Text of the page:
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Upload much faster than download!

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COX cable says their service is good, but my service is very bad. Download progress is like stop-and-go rushhour traffic. The router is a Linksys E-1000N. We get very good signal strength but poor throughput. How do I keep it flowing?

 

https://testmy.net/stats/?&t=u&d=01272013&x=1&l=20&q=JPsDad

 

JPsDad

 

 

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If you haven't tried re-booting the modem, try that. Power it down. Sometimes mine (different model than yours) gets quirky and erratic. Many times clearing the memory by powering it down and back up again has resolved the problem.

If that doesn't cure it, try plugging a laptop directly into the modem (other stuff disconnected) and see whether the performance is better. If it is, you probably have an issue with your equipment. If it's the same, then it points to either the cable modem, or their signal integrity. Signal strength doesn't guarantee that it will work right. The signal can be too big as well as too small and cause problems. If you do have the problem when plugged directly into the modem, call Cox back. Usually on repeat performance issue calls they will first try to help you over the phone, and if that doesn't resolve it they will send a tech out to troubleshoot. More than once Time Warner has found problems with their equipment outside at their amplifiers and switches.

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What package do you subscribe to? With cable simply changing out your splitter can help. They go bad and can cause noise that will cause packets to drop. I'd also check the coax going into the modem and from the D-Mark (where the splitter is) to the wall plate (if applicable). Even the little barrel connector on the wall plate can do that. You're responsible for the wiring from the demarcation point on. Eliminate any splitters with a barrel connector and if you find improved signal, call Cox and have them come out to swap out the splitter. DON't BUY COAX components from your hardware store. There is a big difference between antenna and cable splitters. Antenna splitters won't pass the high frequencies needed for data... They also aren't shielded well... They don't need to be, it doesn't hurt an antenna signal to get bleed from the air... But cable components have to be shielded from that. Especially apparent if you hook an antenna splitter to analog cable... The picture ghosts because it's getting signal from the air and cable company and they're mixing. ...this bleeding happens across all frequencies. So, if you find that it's a bad splitter, outside your home, call Cox. If you want to buy it yourself you need to get one that passes 5-1000 MHz, don't buy gold components for cable... good for antenna, bad for cable. If they have to come in the house they may charge you for a service call so before you call. Make sure that your wiring is good inside before calling them. If you need a 2 way splitter or a length of cable you can pick these up in the Cox store. Just tell the rep that you have an issue and think that a new cable or splitter may fix it. They shouldn't charge you for it, they should just hook you up with one of their quick connect kits. If you need more than a 2 way, you have to call.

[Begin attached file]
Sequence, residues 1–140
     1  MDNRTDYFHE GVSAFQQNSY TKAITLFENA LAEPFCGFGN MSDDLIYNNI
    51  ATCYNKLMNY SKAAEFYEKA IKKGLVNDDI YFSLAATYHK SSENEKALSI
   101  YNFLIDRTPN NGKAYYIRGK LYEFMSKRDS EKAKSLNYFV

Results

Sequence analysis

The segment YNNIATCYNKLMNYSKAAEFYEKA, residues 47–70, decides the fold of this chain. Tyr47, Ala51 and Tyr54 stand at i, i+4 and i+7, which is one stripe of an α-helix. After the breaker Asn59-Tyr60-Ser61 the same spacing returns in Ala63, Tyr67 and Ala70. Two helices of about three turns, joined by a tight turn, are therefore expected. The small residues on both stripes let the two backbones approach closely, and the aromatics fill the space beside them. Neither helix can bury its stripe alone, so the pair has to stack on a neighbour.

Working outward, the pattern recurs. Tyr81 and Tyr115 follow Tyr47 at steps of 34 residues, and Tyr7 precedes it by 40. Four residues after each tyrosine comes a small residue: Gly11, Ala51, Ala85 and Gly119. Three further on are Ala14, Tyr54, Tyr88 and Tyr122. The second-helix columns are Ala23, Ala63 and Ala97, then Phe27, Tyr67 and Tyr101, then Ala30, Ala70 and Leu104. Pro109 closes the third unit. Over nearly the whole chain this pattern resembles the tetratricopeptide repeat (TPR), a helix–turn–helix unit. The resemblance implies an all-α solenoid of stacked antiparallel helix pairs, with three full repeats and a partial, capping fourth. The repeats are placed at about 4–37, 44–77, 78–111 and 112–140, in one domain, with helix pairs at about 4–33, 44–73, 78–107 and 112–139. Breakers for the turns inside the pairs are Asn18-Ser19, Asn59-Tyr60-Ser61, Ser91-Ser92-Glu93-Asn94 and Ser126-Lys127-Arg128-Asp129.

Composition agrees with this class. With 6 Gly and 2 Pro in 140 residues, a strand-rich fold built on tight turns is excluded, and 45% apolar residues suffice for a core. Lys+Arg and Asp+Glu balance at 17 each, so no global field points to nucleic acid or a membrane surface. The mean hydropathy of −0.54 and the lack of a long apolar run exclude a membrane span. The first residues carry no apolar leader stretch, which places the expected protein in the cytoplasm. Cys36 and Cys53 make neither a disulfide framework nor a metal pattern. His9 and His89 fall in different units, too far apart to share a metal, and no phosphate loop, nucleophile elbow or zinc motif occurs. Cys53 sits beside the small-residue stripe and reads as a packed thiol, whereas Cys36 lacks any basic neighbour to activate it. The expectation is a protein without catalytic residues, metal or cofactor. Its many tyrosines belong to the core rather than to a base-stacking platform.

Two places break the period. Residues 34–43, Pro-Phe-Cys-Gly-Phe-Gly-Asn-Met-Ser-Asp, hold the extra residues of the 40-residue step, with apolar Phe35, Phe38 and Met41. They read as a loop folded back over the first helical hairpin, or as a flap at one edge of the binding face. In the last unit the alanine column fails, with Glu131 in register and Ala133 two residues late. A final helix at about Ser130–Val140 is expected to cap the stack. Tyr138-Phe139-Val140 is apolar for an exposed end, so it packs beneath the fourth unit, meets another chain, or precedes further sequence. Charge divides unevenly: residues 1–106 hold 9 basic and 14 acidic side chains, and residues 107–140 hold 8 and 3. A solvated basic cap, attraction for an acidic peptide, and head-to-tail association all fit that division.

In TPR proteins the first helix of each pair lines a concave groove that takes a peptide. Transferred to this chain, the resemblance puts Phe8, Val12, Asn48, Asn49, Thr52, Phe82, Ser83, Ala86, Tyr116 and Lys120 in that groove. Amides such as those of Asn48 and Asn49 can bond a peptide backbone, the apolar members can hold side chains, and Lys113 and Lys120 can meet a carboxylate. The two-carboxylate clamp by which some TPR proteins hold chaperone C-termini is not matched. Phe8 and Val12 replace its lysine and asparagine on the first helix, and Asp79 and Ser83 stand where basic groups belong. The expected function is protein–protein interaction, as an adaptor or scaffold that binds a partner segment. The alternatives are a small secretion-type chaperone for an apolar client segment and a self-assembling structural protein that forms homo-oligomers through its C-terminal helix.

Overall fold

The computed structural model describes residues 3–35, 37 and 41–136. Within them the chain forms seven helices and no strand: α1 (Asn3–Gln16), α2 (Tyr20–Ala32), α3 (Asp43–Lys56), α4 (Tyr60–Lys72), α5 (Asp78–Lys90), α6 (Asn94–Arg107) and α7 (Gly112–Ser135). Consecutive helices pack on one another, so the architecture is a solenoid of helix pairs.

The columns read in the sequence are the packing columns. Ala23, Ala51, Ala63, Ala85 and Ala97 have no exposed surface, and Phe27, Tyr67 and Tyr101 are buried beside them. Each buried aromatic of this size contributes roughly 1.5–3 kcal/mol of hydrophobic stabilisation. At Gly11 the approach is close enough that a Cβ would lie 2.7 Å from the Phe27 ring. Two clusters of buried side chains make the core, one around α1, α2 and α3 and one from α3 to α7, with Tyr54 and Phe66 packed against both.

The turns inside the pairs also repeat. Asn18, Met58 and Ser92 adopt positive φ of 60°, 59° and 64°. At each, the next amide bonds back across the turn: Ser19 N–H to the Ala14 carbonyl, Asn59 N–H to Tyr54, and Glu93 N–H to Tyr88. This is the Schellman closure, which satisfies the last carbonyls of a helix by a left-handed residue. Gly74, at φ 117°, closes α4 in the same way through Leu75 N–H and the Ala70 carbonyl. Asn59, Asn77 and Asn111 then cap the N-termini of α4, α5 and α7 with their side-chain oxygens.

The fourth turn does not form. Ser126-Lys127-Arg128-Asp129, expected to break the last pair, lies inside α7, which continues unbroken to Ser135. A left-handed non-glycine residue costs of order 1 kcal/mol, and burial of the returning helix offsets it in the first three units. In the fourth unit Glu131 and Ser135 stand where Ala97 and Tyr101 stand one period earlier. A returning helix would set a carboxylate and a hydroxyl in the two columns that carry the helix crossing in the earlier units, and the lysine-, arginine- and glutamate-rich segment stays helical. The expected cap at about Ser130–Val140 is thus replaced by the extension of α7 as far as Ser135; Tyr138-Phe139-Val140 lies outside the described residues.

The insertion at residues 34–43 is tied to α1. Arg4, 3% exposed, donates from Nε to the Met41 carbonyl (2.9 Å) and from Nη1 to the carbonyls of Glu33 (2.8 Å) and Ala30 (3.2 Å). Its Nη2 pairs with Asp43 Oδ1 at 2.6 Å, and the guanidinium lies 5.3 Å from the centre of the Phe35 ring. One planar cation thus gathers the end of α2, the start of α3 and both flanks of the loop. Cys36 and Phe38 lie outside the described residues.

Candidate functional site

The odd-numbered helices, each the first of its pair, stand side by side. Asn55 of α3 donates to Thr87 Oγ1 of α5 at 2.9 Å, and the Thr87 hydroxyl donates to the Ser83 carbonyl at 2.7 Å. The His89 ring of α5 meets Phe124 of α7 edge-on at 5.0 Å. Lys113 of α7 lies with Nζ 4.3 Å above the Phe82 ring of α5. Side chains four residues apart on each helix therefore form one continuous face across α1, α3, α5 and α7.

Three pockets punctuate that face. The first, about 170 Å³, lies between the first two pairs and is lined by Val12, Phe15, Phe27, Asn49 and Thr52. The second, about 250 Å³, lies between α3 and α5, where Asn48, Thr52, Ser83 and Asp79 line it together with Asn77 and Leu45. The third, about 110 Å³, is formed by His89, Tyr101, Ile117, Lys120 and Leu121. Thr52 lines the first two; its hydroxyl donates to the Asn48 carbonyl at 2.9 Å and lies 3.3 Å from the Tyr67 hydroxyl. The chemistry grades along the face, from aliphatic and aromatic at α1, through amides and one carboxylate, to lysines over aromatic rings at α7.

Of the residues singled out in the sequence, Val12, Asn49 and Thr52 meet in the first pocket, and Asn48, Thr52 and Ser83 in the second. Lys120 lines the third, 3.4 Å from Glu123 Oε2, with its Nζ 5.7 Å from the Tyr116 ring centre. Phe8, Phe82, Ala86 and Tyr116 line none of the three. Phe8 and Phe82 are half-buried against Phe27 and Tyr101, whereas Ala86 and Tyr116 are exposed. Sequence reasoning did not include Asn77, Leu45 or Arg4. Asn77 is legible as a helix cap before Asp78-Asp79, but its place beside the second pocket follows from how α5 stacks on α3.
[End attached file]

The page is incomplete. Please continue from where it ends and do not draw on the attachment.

That's the first things I would check before calling. You basically want to try to eliminate any variables, then add them back until you see the speed drop. Try to go directly from the wall to the modem, modem to the computer... better still is to go from the street to the modem like I said but it's not always an option. If you get improved speeds them you know that the problem has to do with one of the things you eliminated. ..... Note that everyone's wiring is different. For instance, sometimes you need to lower the signal on purpose. Super high signal levels are actually a bad thing. There is a happy medium. So for you to get proper signal levels you might need a splitter or a DC-6 / DC-9 to drop the signal levels. So eliminating some things may has an adverse effect.

Don't be afraid to call Cox. They'll schedule the service call like they're going to charge you but if the problem is outside, your drop to the house for instance, they won't charge you. The tech should hook you up with anything that you think you might need, a splitter or cable for inside for instance. Here's a little trick to make sure you're being serviced by an experienced tech. When you call request an "in house" tech. There are subcontractors that are very experienced but there are also a lot of inexperienced ones too. They also often don't have tools and signal meters as good as the in house techs. Contractors want to get in and out and get to the next house to maximize the money they make. In house techs aren't as rushed and are more likely to pull out a pick axe to bury a new drop and go the extra mile to make sure your happy. They're also highly trained by Cox. I know this because I was an in house tech for Cox and ran on many calls to fix the things contractors did wrong. Saw it every day... But I knew some really good ones too. You're just better off with a real Cox tech. Used to be that they would only do installs it I've heard of them subcontracting for service calls too.